Sightings of red foxes up, coyotes down

October 22, 2006|By Marina Sarris | Marina Sarris,Special to The Sun

If you think you've seen more red foxes in the county than usual, you're probably right. The little bushy-tailed critters are enjoying life in Harford and nearby counties, judging from reports suggesting an increase in population.

"We have a tremendous amount of fox here, and they have gotten rid of all the small game, like rabbits, pheasant and quail," said Robert Tibbs, who has a beef cattle farm in the Level area.

Red fox sightings rose by a third in the region that includes Harford and neighboring counties, according to the most recent available state survey of bowhunters. That compares with an 8 percent increase statewide from the previous year.

About 450 bowhunters participated in the 2004-2005 annual survey by the Maryland Department of Natural Resources, which requested information on 14 "furbearer" animals, such as coyotes, raccoons, foxes and minks.

The hunters saw red foxes more than any other furbearing animal, with the most sightings in the Piedmont province, which consists of Harford, Cecil, Baltimore, Howard, Montgomery and Carroll counties.

The number of calls about red foxes from Harford residents to a nuisance wildlife information line increased in the 2004 federal budget year, but the overall numbers are too small to draw conclusions, said Robert Beyer, associate director of Maryland Wildlife and Heritage Service's Game Management Program.

Red foxes have an inverse relationship to the coyote population because they compete for the same habitat, wildlife experts say. When the coyote population grows, the number of red foxes declines. With so many red fox sightings in the Piedmont region, it's not surprising that coyote sightings were not as numerous there as in other parts of the state.

Red foxes can be found in rural, suburban and urban areas. They prefer to live near the edges between fields and forest, although they are adaptable. "Red fox have set up housekeeping under someone's backyard shed," Beyer said. "It's a good, safe place for them."

"As these suburban counties continue to grow, it pushes these animals even closer [to people] than they would like to be," said state Del. Barry Glassman, a Harford Republican who raises market lambs. "We do see a lot of red fox."

Red foxes have orangish-red coats, black feet and weigh about 10 pounds. They will eat insects, fruit, nuts, berries, snakes, garbage, mice, voles, rabbits and birds. They can prey on cats and small farm animals such as chickens or ducks.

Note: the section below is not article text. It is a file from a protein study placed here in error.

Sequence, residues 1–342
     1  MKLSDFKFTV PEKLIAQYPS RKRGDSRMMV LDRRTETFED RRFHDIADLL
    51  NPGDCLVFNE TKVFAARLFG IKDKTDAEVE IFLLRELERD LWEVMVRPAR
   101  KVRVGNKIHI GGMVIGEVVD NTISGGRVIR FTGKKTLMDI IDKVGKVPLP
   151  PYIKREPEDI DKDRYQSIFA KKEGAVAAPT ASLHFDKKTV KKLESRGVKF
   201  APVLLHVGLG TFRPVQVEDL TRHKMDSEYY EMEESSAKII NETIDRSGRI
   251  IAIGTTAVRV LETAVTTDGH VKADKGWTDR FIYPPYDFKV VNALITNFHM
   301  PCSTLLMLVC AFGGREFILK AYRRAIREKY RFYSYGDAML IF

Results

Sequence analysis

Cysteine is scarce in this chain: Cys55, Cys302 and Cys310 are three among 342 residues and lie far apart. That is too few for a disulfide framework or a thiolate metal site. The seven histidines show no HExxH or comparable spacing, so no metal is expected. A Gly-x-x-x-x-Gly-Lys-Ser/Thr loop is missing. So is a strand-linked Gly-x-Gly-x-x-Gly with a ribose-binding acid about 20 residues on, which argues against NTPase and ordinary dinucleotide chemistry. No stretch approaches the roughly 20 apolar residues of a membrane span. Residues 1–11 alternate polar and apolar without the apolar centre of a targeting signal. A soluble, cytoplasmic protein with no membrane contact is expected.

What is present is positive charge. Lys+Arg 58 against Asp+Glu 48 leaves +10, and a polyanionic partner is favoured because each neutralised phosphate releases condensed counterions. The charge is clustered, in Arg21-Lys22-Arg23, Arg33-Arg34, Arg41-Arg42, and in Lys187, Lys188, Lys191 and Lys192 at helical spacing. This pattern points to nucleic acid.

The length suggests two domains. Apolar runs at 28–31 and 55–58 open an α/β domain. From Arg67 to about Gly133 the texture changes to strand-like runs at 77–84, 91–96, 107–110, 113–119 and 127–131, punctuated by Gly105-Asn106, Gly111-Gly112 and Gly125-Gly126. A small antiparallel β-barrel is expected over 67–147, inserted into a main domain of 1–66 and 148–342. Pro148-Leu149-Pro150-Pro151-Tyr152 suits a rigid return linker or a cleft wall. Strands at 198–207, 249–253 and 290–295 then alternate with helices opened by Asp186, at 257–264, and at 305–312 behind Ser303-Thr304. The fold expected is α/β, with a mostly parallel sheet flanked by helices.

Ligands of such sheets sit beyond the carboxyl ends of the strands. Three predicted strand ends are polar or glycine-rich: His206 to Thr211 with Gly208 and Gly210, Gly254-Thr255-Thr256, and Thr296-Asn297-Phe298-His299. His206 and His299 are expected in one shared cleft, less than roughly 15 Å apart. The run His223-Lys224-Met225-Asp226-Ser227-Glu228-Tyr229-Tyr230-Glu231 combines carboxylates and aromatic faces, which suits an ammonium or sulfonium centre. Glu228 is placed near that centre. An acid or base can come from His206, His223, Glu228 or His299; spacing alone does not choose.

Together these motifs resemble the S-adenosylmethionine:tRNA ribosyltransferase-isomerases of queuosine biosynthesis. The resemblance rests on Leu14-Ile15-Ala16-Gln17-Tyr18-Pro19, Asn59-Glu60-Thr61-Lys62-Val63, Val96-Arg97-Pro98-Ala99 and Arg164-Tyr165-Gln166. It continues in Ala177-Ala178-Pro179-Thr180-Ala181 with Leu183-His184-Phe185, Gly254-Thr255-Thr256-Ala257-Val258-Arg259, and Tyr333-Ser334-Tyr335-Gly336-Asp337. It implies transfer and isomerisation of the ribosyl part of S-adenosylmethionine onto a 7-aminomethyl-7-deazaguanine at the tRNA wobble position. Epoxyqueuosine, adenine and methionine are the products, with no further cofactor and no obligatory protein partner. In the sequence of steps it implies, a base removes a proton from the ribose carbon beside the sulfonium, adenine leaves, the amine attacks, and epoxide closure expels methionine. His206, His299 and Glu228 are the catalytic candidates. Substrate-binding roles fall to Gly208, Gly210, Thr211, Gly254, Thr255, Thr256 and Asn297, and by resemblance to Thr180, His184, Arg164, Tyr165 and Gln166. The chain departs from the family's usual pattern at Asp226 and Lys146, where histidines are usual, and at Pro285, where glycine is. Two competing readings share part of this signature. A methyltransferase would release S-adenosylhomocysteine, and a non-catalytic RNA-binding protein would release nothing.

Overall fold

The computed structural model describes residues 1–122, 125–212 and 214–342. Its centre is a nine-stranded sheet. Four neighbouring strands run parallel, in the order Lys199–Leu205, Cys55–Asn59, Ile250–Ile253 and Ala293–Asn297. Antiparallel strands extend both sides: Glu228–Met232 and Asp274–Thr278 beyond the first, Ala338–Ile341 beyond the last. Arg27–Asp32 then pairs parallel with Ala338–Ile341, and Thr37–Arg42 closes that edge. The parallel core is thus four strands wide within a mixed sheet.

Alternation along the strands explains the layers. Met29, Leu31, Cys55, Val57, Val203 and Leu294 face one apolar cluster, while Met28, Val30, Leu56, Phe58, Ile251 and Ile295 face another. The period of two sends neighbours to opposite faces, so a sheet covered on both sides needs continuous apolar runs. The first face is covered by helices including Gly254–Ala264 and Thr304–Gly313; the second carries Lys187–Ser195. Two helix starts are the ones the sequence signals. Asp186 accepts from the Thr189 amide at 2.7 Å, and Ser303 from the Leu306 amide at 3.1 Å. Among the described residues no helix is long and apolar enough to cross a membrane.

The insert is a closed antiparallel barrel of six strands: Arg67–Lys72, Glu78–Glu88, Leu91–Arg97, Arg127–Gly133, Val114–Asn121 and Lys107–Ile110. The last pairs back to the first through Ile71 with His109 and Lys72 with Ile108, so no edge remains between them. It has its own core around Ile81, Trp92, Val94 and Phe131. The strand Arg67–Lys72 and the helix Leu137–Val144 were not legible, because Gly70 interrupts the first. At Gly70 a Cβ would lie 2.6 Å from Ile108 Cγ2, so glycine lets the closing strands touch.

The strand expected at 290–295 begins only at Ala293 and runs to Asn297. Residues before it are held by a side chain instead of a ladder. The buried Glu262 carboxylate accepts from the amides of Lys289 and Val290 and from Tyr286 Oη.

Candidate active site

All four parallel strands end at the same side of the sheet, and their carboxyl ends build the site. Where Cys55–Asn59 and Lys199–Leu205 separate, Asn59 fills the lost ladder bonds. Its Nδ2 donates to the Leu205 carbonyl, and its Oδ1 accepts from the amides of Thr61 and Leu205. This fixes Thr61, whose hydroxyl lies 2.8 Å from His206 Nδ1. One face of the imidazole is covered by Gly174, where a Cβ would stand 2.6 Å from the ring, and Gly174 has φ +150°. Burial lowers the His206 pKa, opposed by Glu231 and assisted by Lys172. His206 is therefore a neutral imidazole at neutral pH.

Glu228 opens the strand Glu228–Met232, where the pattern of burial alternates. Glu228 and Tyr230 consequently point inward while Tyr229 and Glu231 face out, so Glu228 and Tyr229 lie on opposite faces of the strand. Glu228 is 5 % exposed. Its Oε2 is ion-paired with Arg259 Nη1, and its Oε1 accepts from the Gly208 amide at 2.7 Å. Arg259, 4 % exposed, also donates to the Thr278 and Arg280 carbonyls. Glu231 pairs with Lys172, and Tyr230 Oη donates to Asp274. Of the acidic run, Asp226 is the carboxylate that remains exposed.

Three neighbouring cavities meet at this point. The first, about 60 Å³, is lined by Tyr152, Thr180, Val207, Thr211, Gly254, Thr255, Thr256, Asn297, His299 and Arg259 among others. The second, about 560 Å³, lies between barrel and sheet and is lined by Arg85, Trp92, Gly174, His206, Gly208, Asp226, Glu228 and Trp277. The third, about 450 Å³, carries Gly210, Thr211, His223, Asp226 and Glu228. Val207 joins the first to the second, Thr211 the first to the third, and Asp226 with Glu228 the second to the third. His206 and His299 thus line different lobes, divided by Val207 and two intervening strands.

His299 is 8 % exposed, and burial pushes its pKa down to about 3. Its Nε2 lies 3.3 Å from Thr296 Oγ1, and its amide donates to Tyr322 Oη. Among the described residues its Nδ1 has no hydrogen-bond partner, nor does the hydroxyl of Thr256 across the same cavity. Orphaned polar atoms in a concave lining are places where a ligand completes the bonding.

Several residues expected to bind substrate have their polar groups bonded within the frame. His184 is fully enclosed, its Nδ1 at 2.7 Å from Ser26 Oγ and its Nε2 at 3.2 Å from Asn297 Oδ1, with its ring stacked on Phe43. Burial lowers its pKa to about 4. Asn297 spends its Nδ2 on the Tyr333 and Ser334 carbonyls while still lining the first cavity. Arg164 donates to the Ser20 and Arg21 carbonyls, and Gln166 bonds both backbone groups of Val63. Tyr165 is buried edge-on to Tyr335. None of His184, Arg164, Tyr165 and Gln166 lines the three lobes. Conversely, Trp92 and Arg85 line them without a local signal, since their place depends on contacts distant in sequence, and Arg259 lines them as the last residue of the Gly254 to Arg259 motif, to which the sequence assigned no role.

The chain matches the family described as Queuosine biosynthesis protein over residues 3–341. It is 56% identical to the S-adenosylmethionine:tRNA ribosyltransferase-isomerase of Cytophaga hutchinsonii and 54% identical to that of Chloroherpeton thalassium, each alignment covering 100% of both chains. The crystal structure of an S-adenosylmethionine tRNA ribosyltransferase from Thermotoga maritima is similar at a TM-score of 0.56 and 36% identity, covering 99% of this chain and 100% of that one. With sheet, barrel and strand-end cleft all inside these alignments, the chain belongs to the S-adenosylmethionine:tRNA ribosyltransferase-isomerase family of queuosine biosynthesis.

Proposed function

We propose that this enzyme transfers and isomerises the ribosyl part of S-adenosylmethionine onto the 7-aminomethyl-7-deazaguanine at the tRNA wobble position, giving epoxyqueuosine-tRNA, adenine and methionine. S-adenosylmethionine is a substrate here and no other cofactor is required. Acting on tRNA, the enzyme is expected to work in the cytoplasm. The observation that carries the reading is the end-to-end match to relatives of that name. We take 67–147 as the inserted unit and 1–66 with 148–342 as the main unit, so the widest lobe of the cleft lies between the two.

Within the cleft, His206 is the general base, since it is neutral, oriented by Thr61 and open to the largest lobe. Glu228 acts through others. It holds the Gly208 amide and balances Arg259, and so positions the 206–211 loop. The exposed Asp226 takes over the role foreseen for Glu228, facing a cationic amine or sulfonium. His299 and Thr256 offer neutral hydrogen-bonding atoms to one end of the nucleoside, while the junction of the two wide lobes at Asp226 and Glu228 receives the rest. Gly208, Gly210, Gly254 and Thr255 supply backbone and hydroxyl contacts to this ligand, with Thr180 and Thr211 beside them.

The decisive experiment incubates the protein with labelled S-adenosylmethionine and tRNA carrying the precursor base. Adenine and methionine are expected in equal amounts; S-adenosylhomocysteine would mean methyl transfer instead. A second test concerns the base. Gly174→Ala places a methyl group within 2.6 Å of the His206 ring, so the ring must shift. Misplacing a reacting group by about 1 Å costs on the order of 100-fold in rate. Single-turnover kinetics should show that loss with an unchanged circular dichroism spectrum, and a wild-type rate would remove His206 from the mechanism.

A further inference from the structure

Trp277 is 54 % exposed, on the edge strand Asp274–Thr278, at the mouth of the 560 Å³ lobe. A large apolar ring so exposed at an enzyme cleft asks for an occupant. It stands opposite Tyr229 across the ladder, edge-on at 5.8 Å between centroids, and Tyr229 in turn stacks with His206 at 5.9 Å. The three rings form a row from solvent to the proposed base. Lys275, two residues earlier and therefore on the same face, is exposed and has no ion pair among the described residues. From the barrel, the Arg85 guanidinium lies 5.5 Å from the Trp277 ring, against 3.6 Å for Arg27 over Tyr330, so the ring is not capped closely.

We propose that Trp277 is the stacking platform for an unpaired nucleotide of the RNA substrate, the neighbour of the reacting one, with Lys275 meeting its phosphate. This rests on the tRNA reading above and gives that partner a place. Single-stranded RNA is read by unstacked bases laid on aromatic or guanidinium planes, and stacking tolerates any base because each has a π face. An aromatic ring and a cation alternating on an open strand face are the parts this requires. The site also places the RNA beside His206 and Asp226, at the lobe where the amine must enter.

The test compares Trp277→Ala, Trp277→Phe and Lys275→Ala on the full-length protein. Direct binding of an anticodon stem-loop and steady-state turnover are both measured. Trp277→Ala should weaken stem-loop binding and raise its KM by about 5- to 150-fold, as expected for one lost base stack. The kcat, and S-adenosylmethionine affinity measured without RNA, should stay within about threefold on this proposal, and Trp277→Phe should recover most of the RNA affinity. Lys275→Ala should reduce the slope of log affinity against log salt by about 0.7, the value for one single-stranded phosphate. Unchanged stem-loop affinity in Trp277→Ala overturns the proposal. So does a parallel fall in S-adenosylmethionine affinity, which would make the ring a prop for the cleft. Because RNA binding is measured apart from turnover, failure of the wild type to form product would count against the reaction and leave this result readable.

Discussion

"The biggest trouble with fox is they dig their homes in the field, and you run your tractor out there and do some damage to your equipment," said Lee McDaniel, manager of the 850-acre Indian Spring cattle farm in Darlington.

McDaniel's farm has a wildlife management plan that involves trapping about 20 foxes a year. That's an increase from a decade ago, when he noticed a sudden rise in the coyote population.

"Ten years ago, we had a large influx of coyote, and the red fox population dropped to almost nothing," he recalled. Coyotes killed two sheep and chased cattle on the farm, he said.

After several years of trapping or shooting coyotes, McDaniel said, the population decreased. "Our experience has been that since we've seen the coyote population decrease, the red fox have come back to the level of the 1980s, and we're back to trapping them," he said.

Coyotes, which historically lived west of the Mississippi River, have taken up residence throughout eastern North America, said Robert Colona, furbearer project leader at the Department of Natural Resources. Maryland and Delaware are the most recent two states for coyotes to call home. Coyotes look like small German shepherds, but with large ears, a pointy snout and long bushy tail.

"One reason they've done so well is that they can eat virtually anything - plants, fruits, small mammals, birds and animals up to the size of livestock and deer," Colona said. "They're very opportunistic. In the right conditions, they can take down some very large animals."

Are they a danger to people? "About 15 years ago I would have probably told you they were no threat to humans, but that has changed," Colona said. "I don't want to alarm the public, but there have been cases in the East where coyotes have attacked humans. It's usually the result of coyotes in an area where there's no harvest [hunting], and they've acclimated to humans and lost their innate fear of humans. It's really rare, and we haven't documented that in Maryland."

But Tibbs said the last coyote he saw seemed less skittish than ones he spotted years ago.

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